Summary: The Book of Haggai is addressed to the captives that have returned to Jerusalem from Babylon. The book contains four appeals.

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Haggai takes us back to the time when the Babylonian captives were permitted to return to their homeland. In 538BC, the first year of Cyrus king of Persia, in order to fulfill the prediction the people from Judah and Jerusalem will spend seventy years in captivity (Jeremiah 25), “the Lord stirred up the spirit of Cyrus, king of Persia, so that he sent a proclamation throughout his kingdom, and put it in writing, saying, Thus says Cyrus king of Persia, ‘The Lord, the God of heaven, has given me all the kingdoms of the earth, and He has appointed me to build Him a house in Jerusalem, which is in Judah. Whoever there is among you of all His people, may the Lord His God be with him, and let him go up!’” (2nd Chronicles 36:22-23; Ezra 1:1-4).

Cyrus returned the articles taken from the temple by Nebuchadnezzar, the king of Babylon, in 605 (Daniel 1:2), in 597 (2nd Kings 24:13), and in 586 (2nd Kings 25:14-15; Jeremiah 27:16-22), the temple furniture was destroyed in 586 (2nd Kings 25:13; Jeremiah 3:16). The neighbors of the Jews were ordered to support their return to Judah and Jerusalem with silver, gold, goods, and cattle, and a freewill offering (Ezra 1:5). About fifty thousand Jews took advantage of the proclamation (Ezra 2:64-65), returning to Judah in 536BC, under the leadership of Zerubbabel, who Cyrus appointed governor of Judah.

Zerubbabel,the governor, Joshua, the high priest, and men from all the cities in Judah rebuilt the brazen altar and in the seventh month, the beginning of the Feast of Trumpets (Numbers 29:1-6) they offered burnt offerings to the Lord, and celebrated the Feast of Booths, which lasted from the fifteenth to the twenty-second of the seventh month. The foundation of the temple was laid in 535BC. The Levites, twenty years and older, were appointed overseeers of the restoration of the temple (Ezra 3:7-13) and restoration of the temple began.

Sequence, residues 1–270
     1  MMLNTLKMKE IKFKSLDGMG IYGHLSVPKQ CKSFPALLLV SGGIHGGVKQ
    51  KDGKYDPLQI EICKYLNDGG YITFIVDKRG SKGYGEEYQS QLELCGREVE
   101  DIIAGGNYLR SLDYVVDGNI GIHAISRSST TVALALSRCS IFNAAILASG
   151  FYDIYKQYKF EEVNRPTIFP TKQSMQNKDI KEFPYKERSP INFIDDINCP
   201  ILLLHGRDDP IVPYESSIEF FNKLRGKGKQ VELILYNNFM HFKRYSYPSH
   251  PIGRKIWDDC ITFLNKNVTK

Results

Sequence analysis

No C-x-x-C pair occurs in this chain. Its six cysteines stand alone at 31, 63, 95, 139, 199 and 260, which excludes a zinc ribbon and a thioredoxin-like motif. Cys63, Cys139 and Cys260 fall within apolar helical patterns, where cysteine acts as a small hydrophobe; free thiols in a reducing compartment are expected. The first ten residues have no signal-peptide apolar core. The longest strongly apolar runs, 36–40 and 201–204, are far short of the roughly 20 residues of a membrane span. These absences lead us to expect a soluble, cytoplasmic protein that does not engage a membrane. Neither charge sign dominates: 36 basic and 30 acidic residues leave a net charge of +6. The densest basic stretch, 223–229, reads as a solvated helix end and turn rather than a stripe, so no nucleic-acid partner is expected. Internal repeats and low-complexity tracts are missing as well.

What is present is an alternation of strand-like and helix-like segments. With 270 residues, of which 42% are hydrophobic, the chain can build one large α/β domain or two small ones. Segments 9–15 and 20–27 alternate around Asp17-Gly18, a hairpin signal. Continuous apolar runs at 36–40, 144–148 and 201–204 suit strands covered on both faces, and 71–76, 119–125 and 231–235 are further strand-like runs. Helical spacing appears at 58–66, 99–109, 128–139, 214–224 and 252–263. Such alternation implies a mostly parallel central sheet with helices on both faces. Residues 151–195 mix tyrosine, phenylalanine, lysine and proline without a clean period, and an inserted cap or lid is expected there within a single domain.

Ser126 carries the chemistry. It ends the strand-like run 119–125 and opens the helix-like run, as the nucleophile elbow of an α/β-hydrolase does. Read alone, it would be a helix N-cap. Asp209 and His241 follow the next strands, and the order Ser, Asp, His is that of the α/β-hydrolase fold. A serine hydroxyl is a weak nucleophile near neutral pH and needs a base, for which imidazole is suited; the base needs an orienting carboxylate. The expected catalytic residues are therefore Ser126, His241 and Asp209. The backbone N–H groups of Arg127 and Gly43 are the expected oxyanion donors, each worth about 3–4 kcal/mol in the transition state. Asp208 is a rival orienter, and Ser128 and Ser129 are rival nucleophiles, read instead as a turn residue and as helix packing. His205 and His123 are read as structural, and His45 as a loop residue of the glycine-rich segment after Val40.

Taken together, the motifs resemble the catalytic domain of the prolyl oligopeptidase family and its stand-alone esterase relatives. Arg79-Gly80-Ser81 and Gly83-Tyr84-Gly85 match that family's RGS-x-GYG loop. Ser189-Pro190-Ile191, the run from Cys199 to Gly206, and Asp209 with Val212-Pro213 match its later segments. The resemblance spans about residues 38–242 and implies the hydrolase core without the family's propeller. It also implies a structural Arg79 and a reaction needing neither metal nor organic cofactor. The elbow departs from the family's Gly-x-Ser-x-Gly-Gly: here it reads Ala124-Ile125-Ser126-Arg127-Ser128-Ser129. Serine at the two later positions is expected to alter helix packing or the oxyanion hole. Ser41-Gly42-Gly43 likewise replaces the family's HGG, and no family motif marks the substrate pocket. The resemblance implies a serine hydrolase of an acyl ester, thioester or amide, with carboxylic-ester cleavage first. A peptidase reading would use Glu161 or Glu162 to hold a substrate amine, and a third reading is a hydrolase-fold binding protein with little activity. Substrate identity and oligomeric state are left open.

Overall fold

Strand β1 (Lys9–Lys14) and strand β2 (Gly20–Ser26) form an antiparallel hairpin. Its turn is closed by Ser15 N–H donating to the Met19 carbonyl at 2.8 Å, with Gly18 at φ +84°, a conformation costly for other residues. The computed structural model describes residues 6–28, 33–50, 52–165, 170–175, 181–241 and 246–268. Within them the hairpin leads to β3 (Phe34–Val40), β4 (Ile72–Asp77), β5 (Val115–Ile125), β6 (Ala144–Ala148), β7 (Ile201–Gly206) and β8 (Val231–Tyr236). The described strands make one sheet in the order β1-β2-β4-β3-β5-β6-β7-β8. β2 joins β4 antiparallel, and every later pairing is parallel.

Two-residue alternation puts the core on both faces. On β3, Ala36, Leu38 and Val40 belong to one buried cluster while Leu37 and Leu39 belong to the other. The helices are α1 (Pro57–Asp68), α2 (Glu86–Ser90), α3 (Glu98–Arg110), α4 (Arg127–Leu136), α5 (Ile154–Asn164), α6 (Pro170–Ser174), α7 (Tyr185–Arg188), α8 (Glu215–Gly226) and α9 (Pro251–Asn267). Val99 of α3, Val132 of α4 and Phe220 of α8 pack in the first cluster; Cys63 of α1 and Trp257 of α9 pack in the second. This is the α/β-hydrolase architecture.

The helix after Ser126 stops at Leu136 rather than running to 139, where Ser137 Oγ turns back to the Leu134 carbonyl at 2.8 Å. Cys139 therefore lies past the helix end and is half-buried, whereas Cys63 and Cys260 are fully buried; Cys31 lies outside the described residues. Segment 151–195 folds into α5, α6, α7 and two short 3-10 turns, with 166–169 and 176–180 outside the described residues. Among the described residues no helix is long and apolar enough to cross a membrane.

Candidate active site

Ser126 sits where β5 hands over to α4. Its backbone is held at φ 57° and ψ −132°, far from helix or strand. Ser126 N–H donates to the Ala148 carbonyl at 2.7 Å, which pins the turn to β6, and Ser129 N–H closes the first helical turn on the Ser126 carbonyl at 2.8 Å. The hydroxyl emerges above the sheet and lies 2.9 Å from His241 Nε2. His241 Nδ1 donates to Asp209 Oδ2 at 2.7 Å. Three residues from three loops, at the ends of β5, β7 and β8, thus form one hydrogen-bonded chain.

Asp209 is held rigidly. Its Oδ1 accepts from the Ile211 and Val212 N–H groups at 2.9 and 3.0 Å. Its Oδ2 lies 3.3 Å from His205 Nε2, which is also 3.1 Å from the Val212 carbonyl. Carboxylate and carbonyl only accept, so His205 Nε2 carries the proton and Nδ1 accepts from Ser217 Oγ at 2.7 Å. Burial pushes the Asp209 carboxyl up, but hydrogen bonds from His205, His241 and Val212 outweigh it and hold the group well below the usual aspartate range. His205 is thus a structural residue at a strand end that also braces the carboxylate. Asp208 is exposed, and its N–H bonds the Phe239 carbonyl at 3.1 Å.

When the Samaritans, the descendants from the intermarriages of Israelites and foreigners who were transplanted to Samaria by the king of Assyria in 669BC heard the temple was being restored offered their help in restoring the temple. When the offer was rejected they began harassing the workers and did whatever they could to hinder the restoration of the temple, which included obtaining an injunction prohibiting the rebuilding of the wall around Jerusalem that was torn down by the Babylonians.

When Darius ascended to the throne of Persia he confirmed Cyrus’ proclamation and overturned the injunction. Instead of returning to the restoration of the temple the people began to make excuses why they were not restoring the temple. They claimed this was not the right time to restore the temple because they were in the sixty-eighth year of the seventy year captivity predicted by Jeremiah (chapter 25). They were busy building houses for themselves, planting crops, tending their flocks and vineyards.

The work stoppage caused by the injunction, although it only applied to the building of the wall, was under-standable. But now that the injunction was overturned, even though the Samaritans continued to harass the workers and do whatever they could do to hinder the restoration this was no reason for not resuming the restoration of the temple.

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